Solar cells made from old car batteries Lead-acid storage batteries are widely used on a mass-scale in all parts of the world – in cars, trucks, buses, boats, trains, etc. During power-cuts, lead-acid batteries provide emergency power for households, shops and also for critical operations such as airtraffic control towers, hospitals and military installations. All batteries used in vehicles and 95 percent of industrial batteries are lead-acid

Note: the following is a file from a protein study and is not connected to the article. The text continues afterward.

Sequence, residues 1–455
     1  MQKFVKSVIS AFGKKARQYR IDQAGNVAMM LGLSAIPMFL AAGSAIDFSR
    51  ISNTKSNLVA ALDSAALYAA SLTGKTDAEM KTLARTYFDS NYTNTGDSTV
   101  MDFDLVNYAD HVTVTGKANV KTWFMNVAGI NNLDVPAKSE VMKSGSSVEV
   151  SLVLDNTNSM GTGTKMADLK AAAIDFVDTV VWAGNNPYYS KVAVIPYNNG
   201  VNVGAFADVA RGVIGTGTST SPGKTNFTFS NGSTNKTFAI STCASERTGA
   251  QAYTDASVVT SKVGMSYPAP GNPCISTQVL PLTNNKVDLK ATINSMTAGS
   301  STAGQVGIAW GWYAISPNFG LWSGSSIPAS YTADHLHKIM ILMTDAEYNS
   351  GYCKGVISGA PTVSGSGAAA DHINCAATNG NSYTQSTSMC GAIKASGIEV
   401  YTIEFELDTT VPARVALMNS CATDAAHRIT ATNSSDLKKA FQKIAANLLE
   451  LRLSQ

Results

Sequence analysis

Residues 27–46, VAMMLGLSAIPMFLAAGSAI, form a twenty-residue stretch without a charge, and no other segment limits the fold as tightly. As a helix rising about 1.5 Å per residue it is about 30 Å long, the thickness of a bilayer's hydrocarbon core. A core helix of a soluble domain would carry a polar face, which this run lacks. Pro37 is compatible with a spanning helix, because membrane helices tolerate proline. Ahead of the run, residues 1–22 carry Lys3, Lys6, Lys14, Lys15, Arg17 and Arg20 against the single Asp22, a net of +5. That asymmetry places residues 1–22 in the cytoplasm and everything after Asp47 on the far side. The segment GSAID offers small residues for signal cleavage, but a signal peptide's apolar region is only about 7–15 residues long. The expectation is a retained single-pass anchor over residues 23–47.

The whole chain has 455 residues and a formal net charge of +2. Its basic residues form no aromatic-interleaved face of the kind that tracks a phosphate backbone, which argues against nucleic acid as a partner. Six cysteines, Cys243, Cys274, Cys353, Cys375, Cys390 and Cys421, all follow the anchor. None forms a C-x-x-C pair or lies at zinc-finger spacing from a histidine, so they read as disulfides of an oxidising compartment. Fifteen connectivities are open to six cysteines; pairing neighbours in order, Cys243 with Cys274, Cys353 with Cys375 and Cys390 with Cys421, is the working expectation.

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New Horizons Science, 23 July 2014 | doi: contamination of the environment. When 10.1039/C4EE00965G). the panels are eventually retired, the lead can ‘Perovskite’ is a general simply be recycled into new solar panels. term used to describe a group of materials that have a distinctive Gene mutation key to highcrystal structure. In the past altitude adaptation few years, researchers have It is common knowledge that people living demonstrated that solar cells that in the plains often suffer from difficulty use this mineral can reach a solar in breathing due to hypoxia (deficiency of energy conversion efficiency of oxygen) when they travel to a high-altitude up to 19%, comparable to silicon destination such as Ladakh in India. This technology that is somewhere happens mainly because at high altitudes between 21% and 25%. Moreover, the air is much thinner than at sea level. manufacturing perovskite solar As a result, a person inhales fewer oxygen cells is more efficient energy-wise molecules with each breath. Symptoms of than the silicon-based variety, hypoxia, sometimes known as mountain as it does not require nearly the sickness, include headaches, vomiting, same kind of temperatures and sleeplessness, impaired thinking, and an pressure. inability to sustain long periods of physical The MIT scientists used a activity. multi-step process to synthesise It is also known that people habitually perovskite solar material using the living at high altitudes such as Tibetans and electrodes straight out of a used Sherpas of Nepal do not suffer from hypoxia. lead-acid battery. Lead from the They are able to carry out their daily chores Lead from old car batteries can be turned anode is dissolved in nitric acid at normal pace in their oxygen-deficient into solar cells for clean energy. and the lead oxide (made from the environment. storage batteries. lead dioxide cathode) is dissolved in acetic It was once believed it was only a matter The lead in lead-acid batteries is a acid. Then each compound is mixed with of adaptation. People from the plains do get highly toxic metal that produces a range of potassium iodide. The lead iodide formed adapted to high-altitude environment in a adverse health effects particularly in young is then purified and deposited on a thin few days. Some studies had shown that the children. Exposure to excessive levels of flexible film, which acts as the substrate for adaptation involves increase in haemoglobin lead can cause damage to brain and kidney, the solar cell. Because it is a relatively simple concentrations in the blood, which enables impair hearing; and lead to numerous other process, the researchers are optimistic that it to carry more oxygen through the blood associated problems. On average, each it can work at large scale economically. And system in a low-oxygen environment. automobile battery contains more than because each of the perovskite cells are just A recent study has brought to light ten kilograms of lead, which needs to be half a micrometre (0.5×10-6 m) thick, the a genetic factor responsible for adaptation recycled after the battery becomes unusable. researchers estimate that a single car battery to high altitudes, especially in Tibetans. At present, the lead from old batteries is could produce enough used to make new electrodes for storage solar panels to provide batteries. But with the lead-acid batteries electric power for 30 being gradually being replaced by less toxic households. Besides, by and more efficient lithium ion batteries, using recycled lead from the demand for lead for making batteries is old car batteries, the likely to go down, creating problem of safe manufacturing process disposal of lead from used batteries. can be used to divert toxic Scientists at Massachusetts Institute material from landfills and of Technology (MIT) in USA have now reuse it in photovoltaic come up with an attractive option of turning panels that could go on the lead from used car batteries into solar producing power for panels. It is based on a recent development decades. in solar cells that makes use of a compound In a finished called perovskite – specifically, organo-lead solar panel, the leadhalide perovskite – a technology that has containing layer would rapidly progressed from initial experiments be fully encapsulated by to a point where its efficiency which is good other materials, as many A mutated gene gives Tibetans the ability to live at enough to rival some commercial crystalline solar panels are today, high altitudes without suffering from hypoxia. silicon solar cells (Energy and Environmental limiting the risk of lead